Way too late for a stand alone thermal to be kicking up dust like that in the middle of big flat nowhere. And one after another after another, has to mean shearline. Shears are typically linear, but they’re not obliged to run straight any more than we are. They meander wherever they please like a towrope dropped in high grass. Has a segment of ours somehow buttonhooked back around to within a stone’s throw of where we glided by ten minutes ago? Or is this the second one catching up with us? Neither seems likely, but as always in the sky, anything’s possible. Whatever this is, it feels like something about to happen.

The interface of a shear often slants vertically where stable air undercuts the live stuff. If that’s happening here, there should be lift below our level between us and those little dustups — as confirmed by ravens celebrating there. Two hours earlier when things were booming this would have fed a mondo dust devil, an hour from now it’ll no longer exist.

Good angel, for once, coos, ‘YESSS!’ (I start to wonder why the spirits are switching roles but NOW’s no time for that.) We’re this close and the shear’s still rolling on, slowly deflating like a leaky tire. How many times can we miss the same bus? Or abuse the same set of similes for that matter.

Ah anyway… Pinnacle moment; you forget to doubt your intuition and LEAP head first, transcendent clarity at once motivation, means and reward. Plenty of time later to learn if you trusted the right angel.

The plan is marginal but doable: Fly downwind away from the strip, far as we dare before turning back. Either lift there saves our day or we settle for a long base leg to Harmon.
Meanwhile we’re down to a few hundred feet above ground and wading through more sink. Time’s still running out. Whatever we do, it’ll be NOW, like always. Draw one sober lungfull to assure we really have the height for this, and the moment’s on us.

Just as we reach that tentative turnpoint sink fades to zero and smoothly broadens. It’s weak at first, but rarely can lift be strong this near the surface, and the sensation is unmistakable as a lover’s breath. We turn right above where that first puff vanished exactly as the noise level spikes, nosing gently into what we hope will be the day’s last climb.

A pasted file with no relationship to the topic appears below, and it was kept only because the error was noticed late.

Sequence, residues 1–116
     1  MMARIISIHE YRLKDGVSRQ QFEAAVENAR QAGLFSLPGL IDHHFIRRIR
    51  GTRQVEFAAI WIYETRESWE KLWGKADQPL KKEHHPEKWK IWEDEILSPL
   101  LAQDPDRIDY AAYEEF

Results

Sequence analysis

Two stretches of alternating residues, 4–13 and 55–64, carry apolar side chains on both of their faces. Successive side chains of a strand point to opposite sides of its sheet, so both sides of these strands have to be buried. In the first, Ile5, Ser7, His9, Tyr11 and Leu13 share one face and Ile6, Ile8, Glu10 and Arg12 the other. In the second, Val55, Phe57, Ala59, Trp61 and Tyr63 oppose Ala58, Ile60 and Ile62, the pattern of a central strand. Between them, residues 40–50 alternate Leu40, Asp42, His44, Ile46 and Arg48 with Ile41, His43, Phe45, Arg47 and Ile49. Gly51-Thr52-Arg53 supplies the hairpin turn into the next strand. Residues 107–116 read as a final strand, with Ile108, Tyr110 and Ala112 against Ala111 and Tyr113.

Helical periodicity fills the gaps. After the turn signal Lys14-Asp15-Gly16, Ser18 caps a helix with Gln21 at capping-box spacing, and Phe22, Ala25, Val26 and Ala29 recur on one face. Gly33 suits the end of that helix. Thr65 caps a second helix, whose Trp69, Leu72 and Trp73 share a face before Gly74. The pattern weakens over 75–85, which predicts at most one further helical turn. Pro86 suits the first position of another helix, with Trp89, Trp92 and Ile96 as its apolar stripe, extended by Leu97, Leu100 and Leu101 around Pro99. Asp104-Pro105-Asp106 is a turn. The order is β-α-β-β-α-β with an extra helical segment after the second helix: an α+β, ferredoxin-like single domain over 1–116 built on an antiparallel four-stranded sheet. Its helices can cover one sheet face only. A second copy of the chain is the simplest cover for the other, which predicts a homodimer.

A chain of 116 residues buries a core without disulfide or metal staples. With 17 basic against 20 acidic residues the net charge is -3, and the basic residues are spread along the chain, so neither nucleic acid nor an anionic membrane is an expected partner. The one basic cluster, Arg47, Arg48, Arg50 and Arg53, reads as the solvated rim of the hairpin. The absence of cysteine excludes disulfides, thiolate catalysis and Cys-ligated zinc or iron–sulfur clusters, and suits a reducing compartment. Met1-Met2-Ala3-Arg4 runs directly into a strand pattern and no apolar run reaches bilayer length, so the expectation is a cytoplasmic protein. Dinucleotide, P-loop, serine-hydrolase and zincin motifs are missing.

One tentative circle leads to more and a minute later Harmon’s forgotten. Luxuriating again in the scent of good fortune, we inch along whichever shearline this is after all, not exactly toward home anymore but gaining a little height as we go. Having caught the much abused simile with not a clock tick to spare, we grin like bank robbers on the lam, accomplice driving the getaway car and me in back counting our loot. None left to chase us but the mad dogs of future memory!

Soon though, changing perspective reveals that ahead the shear meanders away from Crystal…

So in the end we face one of soaring’s more excruciating dilemmas, barely climbing in weak lift while wind drifts us further from home late in the day. It’s not like we have time to follow this wherever it takes us and eventually climb high enough for an entirely different homeward leg. No, this is the two-minute warning. Refs have swallowed their whistles.



Well, we’re into that part of the year when there’s at least some kind of soarable lift every single day at Crystal, all the way to mid-October.  The coming week should be mostly sunny of course, with Friday and Saturday breezy from the north, and some chance of WAVE on Sunday.  (After that, thermal conditions should continue improving steadily for the next three or four months…)